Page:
In my last post I described a story that appeared in The Lancet: A woman with many risk factors for a life-threatening blood clot developed a clot, a deep vein thrombosis (DVT). In addition to her many risk factors, she had been eating grapefruit for the previous three days. Here’s how the media covered the story.
The most responsible headlines
I collected the available news stories on this incident from Google News in early April. All but one featured grapefruit, which is, after all, the only thing that makes this story newsworthy. Here are the most responsible headlines:
“Grapefruit, birth control pill interaction may have caused weird blood clot case” (The Canadian Press)
“Grapefruit May Have Raised Blood Clot Risk in Unusual Case” (Medical News Today)
“Grapefruit Breakfast Shares Blame in Leg Thrombosis” (Modern Medicine)
“Hunt for DVT Cause Reveals Link to Grapefruit” (Medpage Today)
“All things in moderation” (phillyBurbs.com)
The Canadian Press, which did follow-up interviews, and Forbes.com had the best coverage. Forbes had an unfortunate headline: “Grapefruit-Heavy Diet Helped Spur Dangerous Clot.” The diet wasn’t grapefruit heavy. As I’ve mentioned before, journalists are often not allowed to write their own headlines. The subhead was much better: “The fruit, combined with contraceptive pill and a genetic mutation, almost cost woman her leg, doctors say.”
The Forbes article was extremely well balanced. For example:
So it was the combination of grapefruit juice, the estrogen in the birth control pill, the clot-inducing mutation and just sitting in the car in a position that narrowed the blood vessel, that threatened amputation of the leg… This means there is no great lesson for people in general from the episode.
It’s not fair to blame the grapefruit for the woman’s problem, said Dr. Alan Blum, a professor of family medicine at the University of Alabama. The effects of the long auto trip she took and the oral contraceptive she was taking would be “far greater risks for a deep vein thrombosis than a total of three grapefruits over three days,” Blum said.
“The bottom line is that grapefruit remains a healthful, I’d even call it essential, food for the vast majority of people,” he said. “The scary message from this case report, if widely disseminated, will do far more harm than good to public health.”
Several articles, whether they were accurate or not, used the story as a “teachable moment” to remind readers that grapefruit can interact with some medications. Here’s a page from the Mayo Clinic that lists grapefruit/drug interactions. It includes the antidepressants Zoloft and BuSpar and the statins Zocor, Mevacor, and Lipitor. It doesn’t list contraceptive pills.
The Canadian Press interviewed the Canadian pharmacologist David Bailey, the man who first noticed the grapefruit/drug interactions. Bailey mentions other fruits with properties similar to grapefruit: Sour oranges (Seville oranges), pomelos (bitter oranges used in marmalade), and limes.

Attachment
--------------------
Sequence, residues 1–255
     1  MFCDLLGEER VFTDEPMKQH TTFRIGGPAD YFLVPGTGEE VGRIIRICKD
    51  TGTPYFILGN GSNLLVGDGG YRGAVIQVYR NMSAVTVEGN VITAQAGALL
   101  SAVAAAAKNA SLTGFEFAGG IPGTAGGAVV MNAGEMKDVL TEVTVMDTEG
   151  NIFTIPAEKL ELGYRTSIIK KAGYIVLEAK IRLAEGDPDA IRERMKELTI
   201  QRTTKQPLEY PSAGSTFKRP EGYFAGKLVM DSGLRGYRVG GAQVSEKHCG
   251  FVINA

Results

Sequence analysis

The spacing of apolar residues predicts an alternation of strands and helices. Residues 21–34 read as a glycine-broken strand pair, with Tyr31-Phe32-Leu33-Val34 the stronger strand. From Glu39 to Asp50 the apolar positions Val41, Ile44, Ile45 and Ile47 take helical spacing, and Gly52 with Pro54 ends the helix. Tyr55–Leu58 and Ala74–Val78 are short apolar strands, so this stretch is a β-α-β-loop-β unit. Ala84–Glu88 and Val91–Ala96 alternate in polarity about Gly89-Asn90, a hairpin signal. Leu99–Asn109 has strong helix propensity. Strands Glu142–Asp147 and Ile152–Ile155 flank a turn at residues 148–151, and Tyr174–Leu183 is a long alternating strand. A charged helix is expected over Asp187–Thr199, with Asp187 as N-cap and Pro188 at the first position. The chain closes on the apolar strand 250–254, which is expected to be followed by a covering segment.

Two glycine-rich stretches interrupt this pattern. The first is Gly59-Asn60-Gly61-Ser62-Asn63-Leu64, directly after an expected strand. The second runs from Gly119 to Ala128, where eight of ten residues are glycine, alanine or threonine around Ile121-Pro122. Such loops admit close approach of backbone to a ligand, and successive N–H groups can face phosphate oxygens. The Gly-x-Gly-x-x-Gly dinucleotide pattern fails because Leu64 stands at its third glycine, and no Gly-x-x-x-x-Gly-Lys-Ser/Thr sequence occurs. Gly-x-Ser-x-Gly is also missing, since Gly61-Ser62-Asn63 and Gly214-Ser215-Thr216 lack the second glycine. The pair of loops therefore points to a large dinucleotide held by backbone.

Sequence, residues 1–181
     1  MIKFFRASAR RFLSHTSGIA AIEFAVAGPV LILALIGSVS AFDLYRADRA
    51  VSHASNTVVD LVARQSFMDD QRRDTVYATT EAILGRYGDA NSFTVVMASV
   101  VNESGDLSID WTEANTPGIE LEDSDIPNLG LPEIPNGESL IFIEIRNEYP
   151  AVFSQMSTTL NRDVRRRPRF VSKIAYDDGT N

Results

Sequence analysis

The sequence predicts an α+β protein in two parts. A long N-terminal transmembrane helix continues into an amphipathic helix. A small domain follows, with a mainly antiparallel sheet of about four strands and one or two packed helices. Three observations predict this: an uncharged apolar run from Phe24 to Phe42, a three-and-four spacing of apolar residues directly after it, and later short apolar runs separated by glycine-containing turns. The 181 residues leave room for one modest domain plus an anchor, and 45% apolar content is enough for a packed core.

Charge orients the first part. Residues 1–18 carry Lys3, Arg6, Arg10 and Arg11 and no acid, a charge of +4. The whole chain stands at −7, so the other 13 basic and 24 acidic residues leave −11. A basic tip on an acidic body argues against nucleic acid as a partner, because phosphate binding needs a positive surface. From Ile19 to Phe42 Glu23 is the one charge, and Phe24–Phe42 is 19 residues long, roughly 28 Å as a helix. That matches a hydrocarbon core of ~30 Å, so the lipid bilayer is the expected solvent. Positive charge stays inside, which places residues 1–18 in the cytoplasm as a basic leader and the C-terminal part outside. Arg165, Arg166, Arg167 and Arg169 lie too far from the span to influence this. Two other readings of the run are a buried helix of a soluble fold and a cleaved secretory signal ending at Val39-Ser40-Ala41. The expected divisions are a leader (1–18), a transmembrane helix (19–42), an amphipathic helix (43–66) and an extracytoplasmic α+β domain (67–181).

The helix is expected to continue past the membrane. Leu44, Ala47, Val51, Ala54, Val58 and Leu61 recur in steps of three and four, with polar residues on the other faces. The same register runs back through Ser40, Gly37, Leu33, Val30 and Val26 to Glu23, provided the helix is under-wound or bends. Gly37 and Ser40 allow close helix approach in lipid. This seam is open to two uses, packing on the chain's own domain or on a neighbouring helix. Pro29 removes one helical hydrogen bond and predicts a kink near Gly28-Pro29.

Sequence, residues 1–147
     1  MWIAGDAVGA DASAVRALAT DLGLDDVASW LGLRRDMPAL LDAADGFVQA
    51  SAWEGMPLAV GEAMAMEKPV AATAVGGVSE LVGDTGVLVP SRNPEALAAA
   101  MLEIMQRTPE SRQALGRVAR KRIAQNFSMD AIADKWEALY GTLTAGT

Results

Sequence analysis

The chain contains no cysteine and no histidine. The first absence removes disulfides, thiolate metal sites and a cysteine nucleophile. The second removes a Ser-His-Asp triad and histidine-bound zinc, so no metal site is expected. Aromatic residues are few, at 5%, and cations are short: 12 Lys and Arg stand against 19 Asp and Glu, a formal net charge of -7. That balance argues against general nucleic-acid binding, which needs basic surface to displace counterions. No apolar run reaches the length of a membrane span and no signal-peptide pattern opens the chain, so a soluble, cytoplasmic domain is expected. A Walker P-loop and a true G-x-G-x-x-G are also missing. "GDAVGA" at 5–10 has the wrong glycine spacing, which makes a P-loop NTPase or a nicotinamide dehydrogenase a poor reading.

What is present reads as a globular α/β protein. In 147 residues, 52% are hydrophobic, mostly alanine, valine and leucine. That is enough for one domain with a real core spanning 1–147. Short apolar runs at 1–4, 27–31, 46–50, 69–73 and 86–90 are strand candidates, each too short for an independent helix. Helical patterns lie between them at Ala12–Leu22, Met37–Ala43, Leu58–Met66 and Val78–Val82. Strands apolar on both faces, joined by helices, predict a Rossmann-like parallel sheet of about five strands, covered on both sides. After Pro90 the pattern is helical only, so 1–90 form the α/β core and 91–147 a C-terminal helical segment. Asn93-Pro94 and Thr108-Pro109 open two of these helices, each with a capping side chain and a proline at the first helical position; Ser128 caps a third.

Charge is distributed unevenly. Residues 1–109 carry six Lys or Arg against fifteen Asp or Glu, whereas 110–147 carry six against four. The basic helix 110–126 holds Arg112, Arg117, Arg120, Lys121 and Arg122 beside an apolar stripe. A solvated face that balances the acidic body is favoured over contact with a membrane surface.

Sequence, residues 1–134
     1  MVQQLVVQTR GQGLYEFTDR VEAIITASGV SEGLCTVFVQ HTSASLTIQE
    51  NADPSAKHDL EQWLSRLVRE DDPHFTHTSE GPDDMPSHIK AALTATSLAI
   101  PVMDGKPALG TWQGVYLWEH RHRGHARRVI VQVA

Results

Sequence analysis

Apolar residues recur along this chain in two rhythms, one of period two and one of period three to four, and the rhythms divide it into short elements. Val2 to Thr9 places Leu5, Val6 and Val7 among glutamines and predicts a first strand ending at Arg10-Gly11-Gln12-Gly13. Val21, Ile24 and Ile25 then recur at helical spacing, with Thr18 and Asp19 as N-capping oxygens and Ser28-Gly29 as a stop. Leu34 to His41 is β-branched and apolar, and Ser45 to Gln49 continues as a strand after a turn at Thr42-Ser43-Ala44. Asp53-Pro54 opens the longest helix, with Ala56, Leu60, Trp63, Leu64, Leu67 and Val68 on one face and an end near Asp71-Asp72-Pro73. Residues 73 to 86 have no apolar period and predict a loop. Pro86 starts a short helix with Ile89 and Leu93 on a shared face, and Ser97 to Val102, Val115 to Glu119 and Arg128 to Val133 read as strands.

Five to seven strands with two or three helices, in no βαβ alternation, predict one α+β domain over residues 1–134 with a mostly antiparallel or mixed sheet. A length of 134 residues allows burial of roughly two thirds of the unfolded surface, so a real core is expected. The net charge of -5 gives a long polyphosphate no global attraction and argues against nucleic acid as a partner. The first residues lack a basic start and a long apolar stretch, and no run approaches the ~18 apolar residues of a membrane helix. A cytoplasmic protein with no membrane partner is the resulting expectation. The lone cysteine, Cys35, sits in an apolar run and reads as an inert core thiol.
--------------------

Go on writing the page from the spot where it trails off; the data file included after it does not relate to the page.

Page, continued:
The worst headlines
“Eating Too Much Grapefruit Nearly Killed Woman, Study Finds” (Fox News)
The woman consumed 8 ounces of grapefruit juice a day for three days. That’s not “too much. ” And this was not a study of grapefruit juice, as the headline implies. The article itself, which comes from The Sun, goes on to say: “[G]rapefruit … is known for its fat-burning properties.” That’s totally not true.
“Woman Nearly Loses Leg After Going on Grapefruit Diet” (KSPR, Springfield, MO)
“‘Killer’ grapefruit alert to slimmers” (The Sun, UK)
The worst story was so pathetic I hesitate to criticize. It was from Press TV, which bills itself as the first Iranian international news network. The headline wasn’t TOO bad: “Grapefruit increases blood clot risk.” But it included the following:
A new study … reports that grapefruit can interact with birth control pills, leading to amputation. … According to the study published in The Lancet, a diet rich in grapefruit increases the risk of blood clots because of the fruit’s high estrogen concentration.
Something was undoubtedly lost in translation. The site may be an excellent source of information on Iran, or Iranian propaganda, but it’s obviously not a good place to get your health news.
Is it OK to eat grapefruit?
As several of the better stories pointed out, it’s unwise to do anything in extreme. When part of a balanced diet, grapefruit should not be dangerous. Given increasing evidence of the potency of the grapefruit flavonoid naringin, medical science may want to consider whether women on birth control pills should avoid eating grapefruit every day.
The Florida Department of Citrus made the following statement:
The Lancet report looks to be inconsistent with published scientific studies which indicate grapefruit does not cause a clinically significant interaction with oral contraceptives. We are aware of no validated evidence that grapefruit affects oral contraceptives, and they are generally considered to be safe to consume with grapefruit.
The original Lancet article, by the way, is only available if you have a subscription. I recommend the UK’s National Institute of Health site, Behind the Headlines, for the best analysis of this story.
A matter of taste
How do you taste?
Orange juice and toothpaste
What is a supertaster?
The genetics of supertasting
Are you a supertaster: Do you really want to know?
Are you a supertaster: Look at your tongue
Are you a supertaster: How does PROP Taste to you?
Are you a supertaster: DNA testing
Why do we love high-fat foods?
Do we taste fat?
The taste advantage
This is your brain on sugar — and sugar substitutes
The Pepsi challenge: How beliefs affect what you taste
Image source: Pregnant Pause